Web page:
Lan Shui on the Singapore Symphony Orchestra
A relative youngster among the professional orchestras of the world, the Singapore Symphony Orchestra was founded only in the 1970s. In response to a growing feeling ever since Singaporean independence in 1965 that the lack of a professional orchestra in the city-state was, in the words of a contemporary politician, a "minor scandal", plans were laid and the inaugural concert took place in 1979.
For much of its more recent history, the orchestra has been almost synonymous with Lan Shui, who was conductor from 1997 until 2019, and succeeded by Hans Graf in 2020. Under Shui's tenure the SSO made a number of recordings of both Western and Chinese classical repertoire, the latter in particular for the Marco Polo label, as well as a recording of Daniel Ng's Cantonese translation of Mahler's Das Lied von der Erde.
The orchestra's most recent release, featuring showstopping works by Mussorgsky, Balakirev and Borodin, continues another consistent strand in their work, namely an interest in Russian repertoire. I spoke to Lan Shui about these choices of repertoire over the years, and the orchestra's role within Singapore's music scene.
The Esplanade Concert Hall and YST Conservatory were both constructed early in your tenure as music director – how much impact have they had on the SSO, and on musical life in Singapore generally, in the ensuing years?
The Esplanade Concert Hall has played a very important role in SSO’s development. Not only does the Esplanade attract and draw in new and younger audiences, but more importantly, it has helped to nurture SSO’s sound and enable ensemble building. The Yong Siew Toh Conservatory has produced many fine young musicians, some of whom have gone on to join the SSO.
Singapore is arguably one of the most mixed “melting-pot” societies in the world, with a complex landscape of ethnicities and customs. Where does “Western” classical music fit into its cultural life?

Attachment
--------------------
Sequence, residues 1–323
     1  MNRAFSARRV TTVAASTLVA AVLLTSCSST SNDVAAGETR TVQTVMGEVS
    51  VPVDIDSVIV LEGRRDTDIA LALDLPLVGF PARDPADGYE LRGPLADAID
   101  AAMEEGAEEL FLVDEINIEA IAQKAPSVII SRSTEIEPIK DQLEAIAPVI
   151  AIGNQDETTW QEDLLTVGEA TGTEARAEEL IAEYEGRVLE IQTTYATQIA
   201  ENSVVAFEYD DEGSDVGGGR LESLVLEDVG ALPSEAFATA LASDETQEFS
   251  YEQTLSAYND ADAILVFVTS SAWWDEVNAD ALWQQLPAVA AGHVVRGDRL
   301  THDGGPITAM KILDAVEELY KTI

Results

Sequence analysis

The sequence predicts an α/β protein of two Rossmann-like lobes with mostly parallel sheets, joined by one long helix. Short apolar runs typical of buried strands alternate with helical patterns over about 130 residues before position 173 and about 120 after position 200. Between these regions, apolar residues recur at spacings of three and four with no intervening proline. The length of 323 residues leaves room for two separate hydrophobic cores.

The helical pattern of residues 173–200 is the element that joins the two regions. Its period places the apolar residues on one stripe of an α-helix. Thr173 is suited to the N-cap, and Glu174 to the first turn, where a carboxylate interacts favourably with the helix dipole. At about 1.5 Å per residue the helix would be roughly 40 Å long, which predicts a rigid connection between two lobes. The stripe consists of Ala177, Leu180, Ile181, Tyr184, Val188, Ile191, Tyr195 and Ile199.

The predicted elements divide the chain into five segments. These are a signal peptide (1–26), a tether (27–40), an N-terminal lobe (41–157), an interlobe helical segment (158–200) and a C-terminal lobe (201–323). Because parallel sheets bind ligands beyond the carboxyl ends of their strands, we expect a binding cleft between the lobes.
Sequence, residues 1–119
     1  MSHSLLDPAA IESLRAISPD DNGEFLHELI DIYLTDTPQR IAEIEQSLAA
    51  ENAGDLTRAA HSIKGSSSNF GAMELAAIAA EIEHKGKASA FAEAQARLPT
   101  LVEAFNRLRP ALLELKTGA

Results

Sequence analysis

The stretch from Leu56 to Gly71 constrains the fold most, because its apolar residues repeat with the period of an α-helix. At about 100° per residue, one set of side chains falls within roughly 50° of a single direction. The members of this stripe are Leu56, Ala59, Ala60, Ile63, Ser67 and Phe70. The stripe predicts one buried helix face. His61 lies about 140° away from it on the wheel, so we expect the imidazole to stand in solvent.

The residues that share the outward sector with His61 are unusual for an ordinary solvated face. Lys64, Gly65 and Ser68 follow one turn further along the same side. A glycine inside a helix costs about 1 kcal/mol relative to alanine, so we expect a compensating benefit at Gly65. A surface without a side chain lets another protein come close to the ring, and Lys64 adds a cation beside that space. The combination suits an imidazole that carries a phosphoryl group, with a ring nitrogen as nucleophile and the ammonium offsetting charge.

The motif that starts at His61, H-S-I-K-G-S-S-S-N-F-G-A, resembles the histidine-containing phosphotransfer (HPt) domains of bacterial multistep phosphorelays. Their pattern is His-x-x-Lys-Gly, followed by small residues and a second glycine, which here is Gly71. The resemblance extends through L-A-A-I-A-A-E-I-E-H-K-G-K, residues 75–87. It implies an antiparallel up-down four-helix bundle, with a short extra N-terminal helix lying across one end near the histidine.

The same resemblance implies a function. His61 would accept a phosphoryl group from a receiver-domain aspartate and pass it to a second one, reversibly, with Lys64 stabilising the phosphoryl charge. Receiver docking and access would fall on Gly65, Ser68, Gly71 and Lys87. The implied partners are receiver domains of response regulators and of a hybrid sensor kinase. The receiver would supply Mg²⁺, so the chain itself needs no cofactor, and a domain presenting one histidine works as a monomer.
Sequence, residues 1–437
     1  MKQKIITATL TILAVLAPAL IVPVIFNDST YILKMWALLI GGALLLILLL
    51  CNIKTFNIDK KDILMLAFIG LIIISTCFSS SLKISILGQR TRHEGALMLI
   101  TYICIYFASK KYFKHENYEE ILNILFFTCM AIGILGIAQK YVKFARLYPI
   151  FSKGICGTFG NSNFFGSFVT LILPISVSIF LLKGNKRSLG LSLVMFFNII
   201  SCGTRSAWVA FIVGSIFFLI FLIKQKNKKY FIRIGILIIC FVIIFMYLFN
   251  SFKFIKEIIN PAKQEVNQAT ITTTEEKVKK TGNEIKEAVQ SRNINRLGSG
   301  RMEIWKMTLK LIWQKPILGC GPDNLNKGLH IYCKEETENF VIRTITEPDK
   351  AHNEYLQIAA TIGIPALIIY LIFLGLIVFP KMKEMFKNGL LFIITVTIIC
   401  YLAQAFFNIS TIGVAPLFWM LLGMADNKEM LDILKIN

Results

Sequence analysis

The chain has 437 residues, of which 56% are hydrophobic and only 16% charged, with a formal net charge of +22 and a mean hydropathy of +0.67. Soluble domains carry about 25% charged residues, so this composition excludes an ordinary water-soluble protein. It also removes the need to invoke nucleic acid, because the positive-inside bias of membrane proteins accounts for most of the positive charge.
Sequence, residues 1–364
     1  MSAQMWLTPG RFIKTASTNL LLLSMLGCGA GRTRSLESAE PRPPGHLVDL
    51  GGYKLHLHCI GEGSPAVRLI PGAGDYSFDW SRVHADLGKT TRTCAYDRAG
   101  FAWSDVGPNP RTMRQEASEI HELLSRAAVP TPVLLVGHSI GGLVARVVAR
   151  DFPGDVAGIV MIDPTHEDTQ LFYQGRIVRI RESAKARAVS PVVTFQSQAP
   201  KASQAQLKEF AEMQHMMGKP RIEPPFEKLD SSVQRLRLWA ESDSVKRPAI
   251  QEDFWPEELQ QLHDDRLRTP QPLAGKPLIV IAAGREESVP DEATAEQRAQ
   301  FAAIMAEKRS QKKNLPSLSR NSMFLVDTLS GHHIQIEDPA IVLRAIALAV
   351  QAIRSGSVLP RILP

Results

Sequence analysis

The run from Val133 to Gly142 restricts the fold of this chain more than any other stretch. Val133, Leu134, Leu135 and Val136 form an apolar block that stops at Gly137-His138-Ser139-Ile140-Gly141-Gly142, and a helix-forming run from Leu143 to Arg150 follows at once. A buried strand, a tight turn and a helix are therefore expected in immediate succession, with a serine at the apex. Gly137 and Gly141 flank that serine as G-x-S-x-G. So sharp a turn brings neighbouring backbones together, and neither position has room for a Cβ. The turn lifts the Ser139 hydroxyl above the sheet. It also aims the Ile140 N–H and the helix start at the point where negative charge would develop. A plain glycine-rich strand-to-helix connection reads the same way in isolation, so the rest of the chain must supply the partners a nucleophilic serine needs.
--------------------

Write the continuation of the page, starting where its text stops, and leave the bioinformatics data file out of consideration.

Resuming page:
Yes, Singapore is one of the “melting-pot” societies in the world. Singapore is also arguably the most Western-influenced country in Asia. Perhaps that’s the reason why classical music fits into Singapore’s culture so naturally. With its diverse multi-cultural setting, Singapore has an atmosphere of openness, mutual understanding and accepting one another, which creates the perfect environment for classical music to thrive.
Alongside music from the Western tradition, the orchestra has of course recorded plenty of Chinese classical music over your tenure, from popular hits to innovative contemporary works. How did this genre – if that’s the right word – evolve during your career with the SSO?
In my early years with the SSO, we recorded a lot of great contemporary music from my old classmates including Chen Yi and Zhou Long, to name a few. SSO also has the DNA to play this kind of music well. I remember our recording label BIS felt that it was a perfect combination too: A major Asian orchestra and a Chinese conductor performing Asian compositions.
Among the orchestra’s many recordings, the Romantic era seems to be a particular favourite on which to draw – particularly French and Russian composers. What is it about this music that particularly attracts you?
SSO’s most recent recordings focussed on Debussy and Rachmaninoff. Rachmaninoff is definitely the orchestra’s favourite - I observed this immediately when we played Rachmaninoff for the first time many years ago. Over the years, we polished our sound and adjusted some dynamics, which made many inner sections more present. On the other hand, Debussy has always been close to my heart since my youth, although it was not frequently performed by the SSO. But I was amazed over the years how quickly the orchestra found the right feelings for Debussy. Of course, the Esplanade is a perfect hall for performing Debussy’s music and it helped a great deal.
The 2013 double-bill of symphonies by the Hungarian composer Károly Goldmark is a particularly unusual choice of repertoire; how did this project come about?
The SSO and I have been performing Mahler regularly since I joined SSO as Music Director in 1997. In our conversations with BIS, they were looking at expanding their catalogue through new albums featuring lesser known repertoire. Based on the strong musical connection and friendship between Mahler and Goldmark, I knew that Goldmark would be a great fit.